Postnatal depression is a type of depression that affects approximately one in ten women following giving birth. It will generally develop approximately six weeks after the birth but may take many more weeks before it is recognised and diagnosed. The symptoms of postnatal depression are wide ranging but typical symptoms include feeling low in mood, feeling unable to cope, and a loss of interest in activities previously enjoyed.
Postnatal depression can affect the bond that a mother feels with her baby, which in turn can generate some very difficult emotions in the mother. The compromised bond is temporary and is due to the postnatal depression. It is not in any way indicative of being a bad mother or not loving the baby enough.
Postnatal depression is thought to be caused by a variety of factors rather than a single cause. These include:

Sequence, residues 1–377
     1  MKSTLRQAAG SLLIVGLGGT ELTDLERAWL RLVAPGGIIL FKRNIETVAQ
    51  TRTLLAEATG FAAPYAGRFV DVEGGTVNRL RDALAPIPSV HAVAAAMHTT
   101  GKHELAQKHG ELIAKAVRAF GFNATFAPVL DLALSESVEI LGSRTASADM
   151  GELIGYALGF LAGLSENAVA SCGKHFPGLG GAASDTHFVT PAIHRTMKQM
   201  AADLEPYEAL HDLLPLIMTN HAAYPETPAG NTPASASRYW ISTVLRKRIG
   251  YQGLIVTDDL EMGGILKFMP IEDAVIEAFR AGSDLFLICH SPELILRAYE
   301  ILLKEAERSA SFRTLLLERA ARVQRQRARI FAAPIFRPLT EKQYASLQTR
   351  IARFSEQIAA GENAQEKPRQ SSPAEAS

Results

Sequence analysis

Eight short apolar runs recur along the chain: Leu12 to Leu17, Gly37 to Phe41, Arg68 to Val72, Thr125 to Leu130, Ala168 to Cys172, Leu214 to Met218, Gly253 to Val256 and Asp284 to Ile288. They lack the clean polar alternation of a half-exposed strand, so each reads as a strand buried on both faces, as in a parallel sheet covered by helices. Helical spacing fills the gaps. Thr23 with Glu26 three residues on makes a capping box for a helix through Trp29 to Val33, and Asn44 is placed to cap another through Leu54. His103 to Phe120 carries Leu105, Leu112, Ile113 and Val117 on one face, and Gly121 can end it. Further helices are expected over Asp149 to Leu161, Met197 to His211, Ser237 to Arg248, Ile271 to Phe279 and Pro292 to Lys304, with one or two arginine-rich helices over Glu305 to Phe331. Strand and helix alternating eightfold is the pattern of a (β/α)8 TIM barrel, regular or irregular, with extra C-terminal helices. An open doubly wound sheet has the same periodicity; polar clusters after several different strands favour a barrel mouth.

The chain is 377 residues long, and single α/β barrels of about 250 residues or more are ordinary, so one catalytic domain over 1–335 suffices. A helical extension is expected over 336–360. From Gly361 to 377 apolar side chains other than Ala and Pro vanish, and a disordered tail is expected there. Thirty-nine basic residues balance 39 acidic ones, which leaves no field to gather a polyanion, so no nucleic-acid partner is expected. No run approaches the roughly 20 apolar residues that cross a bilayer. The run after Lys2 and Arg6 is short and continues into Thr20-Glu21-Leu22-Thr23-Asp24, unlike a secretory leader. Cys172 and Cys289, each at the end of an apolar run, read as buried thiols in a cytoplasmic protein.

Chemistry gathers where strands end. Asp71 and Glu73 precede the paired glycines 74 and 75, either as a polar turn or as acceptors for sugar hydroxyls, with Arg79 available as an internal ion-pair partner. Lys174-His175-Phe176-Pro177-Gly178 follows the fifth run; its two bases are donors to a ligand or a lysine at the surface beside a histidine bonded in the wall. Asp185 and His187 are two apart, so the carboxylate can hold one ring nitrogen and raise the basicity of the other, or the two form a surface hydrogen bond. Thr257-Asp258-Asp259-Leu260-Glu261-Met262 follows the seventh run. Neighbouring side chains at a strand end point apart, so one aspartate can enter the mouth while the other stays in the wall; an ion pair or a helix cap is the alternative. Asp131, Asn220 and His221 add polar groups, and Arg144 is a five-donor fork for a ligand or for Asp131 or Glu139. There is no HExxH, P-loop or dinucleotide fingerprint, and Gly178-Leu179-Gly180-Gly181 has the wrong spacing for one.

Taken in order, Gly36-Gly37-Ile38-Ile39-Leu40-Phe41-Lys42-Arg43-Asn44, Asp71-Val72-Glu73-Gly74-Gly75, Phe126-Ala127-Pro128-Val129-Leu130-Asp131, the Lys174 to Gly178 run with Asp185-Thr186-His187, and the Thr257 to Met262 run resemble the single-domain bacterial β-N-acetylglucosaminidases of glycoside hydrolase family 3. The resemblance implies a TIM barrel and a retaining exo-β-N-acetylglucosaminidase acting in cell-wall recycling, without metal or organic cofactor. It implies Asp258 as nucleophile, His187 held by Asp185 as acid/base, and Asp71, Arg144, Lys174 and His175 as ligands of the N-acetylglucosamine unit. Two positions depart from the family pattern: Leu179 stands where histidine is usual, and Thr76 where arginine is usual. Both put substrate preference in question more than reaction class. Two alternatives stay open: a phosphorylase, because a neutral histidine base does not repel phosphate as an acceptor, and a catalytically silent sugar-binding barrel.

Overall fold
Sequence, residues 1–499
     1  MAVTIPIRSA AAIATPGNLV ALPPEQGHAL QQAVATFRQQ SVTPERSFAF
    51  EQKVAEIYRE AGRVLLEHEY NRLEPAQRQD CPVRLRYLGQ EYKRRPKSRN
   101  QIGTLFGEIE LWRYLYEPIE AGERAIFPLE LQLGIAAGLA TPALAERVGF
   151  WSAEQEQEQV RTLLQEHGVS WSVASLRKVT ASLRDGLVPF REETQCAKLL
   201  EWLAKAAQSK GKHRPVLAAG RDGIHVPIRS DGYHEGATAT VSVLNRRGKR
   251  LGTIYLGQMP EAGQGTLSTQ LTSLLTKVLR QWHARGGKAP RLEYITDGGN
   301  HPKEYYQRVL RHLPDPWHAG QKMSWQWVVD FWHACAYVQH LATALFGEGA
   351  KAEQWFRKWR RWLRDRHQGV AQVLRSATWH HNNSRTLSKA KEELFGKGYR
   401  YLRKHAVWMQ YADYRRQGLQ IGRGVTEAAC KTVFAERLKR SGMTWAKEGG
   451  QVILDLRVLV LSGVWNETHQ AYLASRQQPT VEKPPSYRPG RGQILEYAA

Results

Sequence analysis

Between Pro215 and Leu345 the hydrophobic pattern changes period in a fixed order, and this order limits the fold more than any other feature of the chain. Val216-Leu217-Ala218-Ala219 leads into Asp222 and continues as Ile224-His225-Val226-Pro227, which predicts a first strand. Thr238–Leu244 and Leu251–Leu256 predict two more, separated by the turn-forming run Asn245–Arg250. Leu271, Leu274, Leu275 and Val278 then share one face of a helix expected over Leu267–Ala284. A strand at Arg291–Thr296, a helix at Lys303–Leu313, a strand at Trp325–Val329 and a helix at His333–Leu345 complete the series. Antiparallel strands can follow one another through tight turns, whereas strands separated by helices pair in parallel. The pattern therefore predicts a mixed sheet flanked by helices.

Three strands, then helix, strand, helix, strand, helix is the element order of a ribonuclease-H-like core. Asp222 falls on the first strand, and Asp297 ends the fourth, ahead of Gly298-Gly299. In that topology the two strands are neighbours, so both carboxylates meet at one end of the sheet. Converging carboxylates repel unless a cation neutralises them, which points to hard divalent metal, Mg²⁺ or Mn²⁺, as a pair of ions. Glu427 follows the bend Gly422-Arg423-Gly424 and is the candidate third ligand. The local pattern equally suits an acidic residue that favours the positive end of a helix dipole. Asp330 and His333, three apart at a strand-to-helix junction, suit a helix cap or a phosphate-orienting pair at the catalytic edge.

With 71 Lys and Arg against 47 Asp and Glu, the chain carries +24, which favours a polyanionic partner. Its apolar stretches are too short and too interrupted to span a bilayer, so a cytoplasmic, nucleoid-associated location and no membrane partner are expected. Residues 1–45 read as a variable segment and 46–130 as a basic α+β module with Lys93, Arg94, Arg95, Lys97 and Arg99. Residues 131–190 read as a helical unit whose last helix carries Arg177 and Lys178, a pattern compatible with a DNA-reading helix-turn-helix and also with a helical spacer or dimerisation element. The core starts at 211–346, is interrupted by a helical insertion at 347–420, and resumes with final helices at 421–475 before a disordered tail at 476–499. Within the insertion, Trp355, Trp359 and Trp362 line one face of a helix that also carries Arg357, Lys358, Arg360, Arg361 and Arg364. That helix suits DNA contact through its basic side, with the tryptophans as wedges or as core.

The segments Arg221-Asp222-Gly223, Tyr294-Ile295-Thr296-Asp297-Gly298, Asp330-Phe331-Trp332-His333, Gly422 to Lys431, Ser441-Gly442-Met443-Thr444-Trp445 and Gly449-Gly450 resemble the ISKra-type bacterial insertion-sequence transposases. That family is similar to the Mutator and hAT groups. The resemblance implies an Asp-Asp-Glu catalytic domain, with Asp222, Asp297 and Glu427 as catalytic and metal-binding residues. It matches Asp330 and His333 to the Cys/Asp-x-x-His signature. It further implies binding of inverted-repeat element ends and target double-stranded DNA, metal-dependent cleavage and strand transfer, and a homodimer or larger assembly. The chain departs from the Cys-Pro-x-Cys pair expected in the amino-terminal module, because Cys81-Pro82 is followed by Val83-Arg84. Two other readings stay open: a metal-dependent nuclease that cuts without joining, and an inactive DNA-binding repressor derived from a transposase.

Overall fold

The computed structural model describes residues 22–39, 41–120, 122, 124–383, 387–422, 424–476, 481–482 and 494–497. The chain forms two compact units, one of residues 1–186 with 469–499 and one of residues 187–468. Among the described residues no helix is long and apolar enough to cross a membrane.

- The strain and anxiety that can be caused by looking after a young baby, including sleepless nights and the adjustments in lifestyle
- Personal social circumstances such as relationship difficulties, financial worries or a poor social support network
- The hormonal changes that occur after pregnancy.
If you think that you may be suffering from postnatal depression, it is important to see your GP as soon as possible. The Psychology Clinic will work with your GP or the referring Psychiatrist to ensure the treatment you receive is tailored and appropriate to your needs.
If you would like to arrange an appointment you can call the clinic on 01252 734 670 between 9.00am and 5.30pm Monday to Saturday. Alternatively, if you would like to speak to someone prior to booking an appointment, please call Mary Haines on 07561 371 053 or e-mail Mary on firstname.lastname@example.org